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holden05 Offline
#1 Posted : Sunday, 17 April 2022 5:39:43 PM(UTC)
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I have a pinhole in the radiator of my vc commodore
Is this stuff worthwile or a wank?
Just thought it might save time and expense if removing
Smitty2 Offline
#2 Posted : Monday, 18 April 2022 9:00:13 AM(UTC)
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personally...
I would only ever use the stuff if a squillion miles from civilization anywhere
otherwise
give the car to a rad place for the day. They can pressure test the system
(there may be more pinholes) properly clean the cooling system and repair
and test the radiator for leaks after the repai
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Dr Terry Offline
#3 Posted : Monday, 18 April 2022 11:17:56 AM(UTC)
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Ditto ^^^

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HK1837 Offline
#4 Posted : Monday, 18 April 2022 12:00:02 PM(UTC)
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I've used it before when working away commissioning grain silos in west NSW and had a welsh plug start to leak. Lasted long enough for me to finish work (like a month) and get home to pull the SBC engine and replace all welsh plugs. I'd only use it as a last resort, although on a radiator you should be able to put that two part putty on the leak and get you through until you fix the radiator properly. I used it once on a demo derby HG wagon where I welded a HJ radiator support where the back seat used to be and had the radiator there. It got cut with something so I used some radiator putty on it and it lasted two demo derbies that way.
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SRV Offline
#5 Posted : Monday, 18 April 2022 8:38:12 PM(UTC)
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I've used a few different ones in various paddock bombs, in my opinion the types that are a green goo and have no solids are OK in a pinch, they don't clog radiators and can be flushed out later. The types with particles or fibres in them are bad news and will do way more harm than good. I put chemi weld in a car with a blown head gasket that I later stripped for parts, it didn't work, radiator and heater core would of needed rodding out to be used again, coolant passages in the head were packed with the stuff but none of it had stuck where the gasket was leaking.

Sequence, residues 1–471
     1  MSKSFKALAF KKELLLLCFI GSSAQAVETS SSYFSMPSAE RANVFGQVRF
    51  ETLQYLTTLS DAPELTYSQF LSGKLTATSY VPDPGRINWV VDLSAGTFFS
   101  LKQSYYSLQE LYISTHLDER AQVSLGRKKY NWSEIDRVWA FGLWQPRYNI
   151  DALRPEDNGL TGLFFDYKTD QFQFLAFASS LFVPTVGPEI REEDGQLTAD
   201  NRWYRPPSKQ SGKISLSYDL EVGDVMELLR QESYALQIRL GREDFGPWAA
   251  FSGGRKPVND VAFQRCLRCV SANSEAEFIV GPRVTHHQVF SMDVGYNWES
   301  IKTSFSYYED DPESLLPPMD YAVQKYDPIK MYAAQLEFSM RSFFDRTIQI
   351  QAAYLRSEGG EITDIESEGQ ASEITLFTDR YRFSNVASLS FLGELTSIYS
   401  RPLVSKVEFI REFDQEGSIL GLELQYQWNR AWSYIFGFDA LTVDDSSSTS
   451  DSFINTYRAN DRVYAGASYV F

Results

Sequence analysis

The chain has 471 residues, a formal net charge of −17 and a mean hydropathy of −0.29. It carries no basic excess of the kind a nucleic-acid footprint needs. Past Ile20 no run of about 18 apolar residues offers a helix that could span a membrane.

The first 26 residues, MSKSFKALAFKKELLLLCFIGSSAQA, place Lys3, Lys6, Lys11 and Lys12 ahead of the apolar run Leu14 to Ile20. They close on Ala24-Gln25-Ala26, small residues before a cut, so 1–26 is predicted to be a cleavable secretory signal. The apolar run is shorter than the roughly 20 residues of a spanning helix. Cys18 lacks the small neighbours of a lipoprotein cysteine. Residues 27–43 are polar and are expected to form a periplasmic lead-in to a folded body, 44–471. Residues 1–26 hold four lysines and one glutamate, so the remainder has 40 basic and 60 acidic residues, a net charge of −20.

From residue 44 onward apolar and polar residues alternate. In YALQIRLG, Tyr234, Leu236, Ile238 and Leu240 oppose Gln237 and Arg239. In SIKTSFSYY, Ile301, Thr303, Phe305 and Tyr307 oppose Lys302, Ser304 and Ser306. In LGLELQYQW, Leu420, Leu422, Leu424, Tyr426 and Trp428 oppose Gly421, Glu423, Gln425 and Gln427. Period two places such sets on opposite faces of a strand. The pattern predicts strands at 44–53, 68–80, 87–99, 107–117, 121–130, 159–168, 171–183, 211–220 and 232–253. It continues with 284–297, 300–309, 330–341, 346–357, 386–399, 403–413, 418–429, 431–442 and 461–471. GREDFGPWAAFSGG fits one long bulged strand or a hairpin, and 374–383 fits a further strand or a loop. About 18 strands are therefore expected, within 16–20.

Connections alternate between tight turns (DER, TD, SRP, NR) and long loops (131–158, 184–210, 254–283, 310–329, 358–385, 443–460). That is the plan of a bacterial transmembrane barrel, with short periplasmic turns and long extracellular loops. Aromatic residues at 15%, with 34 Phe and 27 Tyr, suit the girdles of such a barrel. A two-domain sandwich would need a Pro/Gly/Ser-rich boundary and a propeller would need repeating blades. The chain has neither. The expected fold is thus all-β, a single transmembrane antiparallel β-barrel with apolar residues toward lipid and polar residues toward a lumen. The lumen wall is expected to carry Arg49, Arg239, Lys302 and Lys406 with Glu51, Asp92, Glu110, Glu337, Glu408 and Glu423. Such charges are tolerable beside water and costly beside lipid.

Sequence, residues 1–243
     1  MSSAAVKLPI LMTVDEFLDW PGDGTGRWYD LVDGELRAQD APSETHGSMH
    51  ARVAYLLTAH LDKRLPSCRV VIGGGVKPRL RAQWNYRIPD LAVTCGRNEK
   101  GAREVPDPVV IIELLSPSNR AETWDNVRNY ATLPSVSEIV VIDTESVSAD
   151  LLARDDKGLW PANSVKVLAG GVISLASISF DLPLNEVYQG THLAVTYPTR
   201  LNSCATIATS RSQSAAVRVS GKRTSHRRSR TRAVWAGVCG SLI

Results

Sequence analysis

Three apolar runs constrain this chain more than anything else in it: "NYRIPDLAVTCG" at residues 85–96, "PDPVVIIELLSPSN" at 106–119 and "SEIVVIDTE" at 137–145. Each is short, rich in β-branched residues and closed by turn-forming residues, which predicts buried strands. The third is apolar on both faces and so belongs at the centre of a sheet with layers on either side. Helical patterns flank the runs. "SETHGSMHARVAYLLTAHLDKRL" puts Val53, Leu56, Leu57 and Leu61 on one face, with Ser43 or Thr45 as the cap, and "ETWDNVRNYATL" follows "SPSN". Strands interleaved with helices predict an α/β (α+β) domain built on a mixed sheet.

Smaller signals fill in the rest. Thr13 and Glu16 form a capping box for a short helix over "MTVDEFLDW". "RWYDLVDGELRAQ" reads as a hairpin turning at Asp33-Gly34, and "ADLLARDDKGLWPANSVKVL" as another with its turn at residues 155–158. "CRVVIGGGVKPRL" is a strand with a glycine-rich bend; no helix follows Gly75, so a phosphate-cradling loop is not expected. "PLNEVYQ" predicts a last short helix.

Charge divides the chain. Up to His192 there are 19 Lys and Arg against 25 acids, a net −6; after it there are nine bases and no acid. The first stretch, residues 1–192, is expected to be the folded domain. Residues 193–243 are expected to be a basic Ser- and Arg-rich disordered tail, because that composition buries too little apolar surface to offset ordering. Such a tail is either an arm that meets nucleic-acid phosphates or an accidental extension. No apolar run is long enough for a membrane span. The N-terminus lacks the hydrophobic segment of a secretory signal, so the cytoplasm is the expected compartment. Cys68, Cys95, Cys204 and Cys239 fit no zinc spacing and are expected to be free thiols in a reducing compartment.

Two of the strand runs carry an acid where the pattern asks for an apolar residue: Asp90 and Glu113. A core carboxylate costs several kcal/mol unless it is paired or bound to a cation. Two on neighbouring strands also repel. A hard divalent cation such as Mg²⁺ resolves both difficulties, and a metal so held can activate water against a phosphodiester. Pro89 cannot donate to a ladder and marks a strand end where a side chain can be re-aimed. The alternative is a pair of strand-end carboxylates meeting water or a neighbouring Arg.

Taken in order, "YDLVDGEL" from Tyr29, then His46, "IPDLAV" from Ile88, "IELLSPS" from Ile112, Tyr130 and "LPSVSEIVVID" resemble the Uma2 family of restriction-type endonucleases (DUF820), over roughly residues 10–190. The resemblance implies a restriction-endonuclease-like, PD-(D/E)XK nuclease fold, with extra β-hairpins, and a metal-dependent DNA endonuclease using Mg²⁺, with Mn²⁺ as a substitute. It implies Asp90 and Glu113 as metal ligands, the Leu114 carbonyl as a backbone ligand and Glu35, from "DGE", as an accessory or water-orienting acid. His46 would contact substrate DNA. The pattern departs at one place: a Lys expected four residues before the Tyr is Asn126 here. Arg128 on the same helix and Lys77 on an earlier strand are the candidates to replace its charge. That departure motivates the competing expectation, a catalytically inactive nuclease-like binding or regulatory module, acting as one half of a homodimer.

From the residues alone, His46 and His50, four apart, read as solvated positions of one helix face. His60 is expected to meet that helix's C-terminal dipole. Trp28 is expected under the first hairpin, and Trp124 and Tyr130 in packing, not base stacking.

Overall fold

202tonner Offline
#6 Posted : Friday, 22 April 2022 11:15:04 PM(UTC)
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If the radiator is in good condition and you can get to the pinhole I would recommend putting a drop of superglue over the pinhole. This has lasted for a couple of years on mine so far. Plenty of time to get it fixed properly.
Drain the radiator, wash the area, allow it to dry and dob the superglue on the spot. Let the glue harden and refill the radiator, good to go.

If the radiator is old and on the way out then use the stop leak stuff. It does work but only on small holes. It will last for at least a couple of months.

I use the Rislone brand in the grey plastic bottle. No problems so far in either the old radiator or the new one. I'm out in the country a lot so often carry a bottle with me just in case.
castellan Offline
#7 Posted : Monday, 25 April 2022 3:49:10 PM(UTC)
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Originally Posted by: 202tonner Go to Quoted Post
If the radiator is in good condition and you can get to the pinhole I would recommend putting a drop of superglue over the pinhole. This has lasted for a couple of years on mine so far. Plenty of time to get it fixed properly.
Drain the radiator, wash the area, allow it to dry and dob the superglue on the spot. Let the glue harden and refill the radiator, good to go.

If the radiator is old and on the way out then use the stop leak stuff. It does work but only on small holes. It will last for at least a couple of months.

I use the Rislone brand in the grey plastic bottle. No problems so far in either the old radiator or the new one. I'm out in the country a lot so often carry a bottle with me just in case.


The best thing to use if you have a pin hole in your radiator is to use silicone ! just a jab over the hole and never to leak ever again !
First used such back in the late 70's on old paddock bashers that the fan was driven into the radiator ! patched up plenty, does not matter how badly, the silicone works spot on. There is nothing better !
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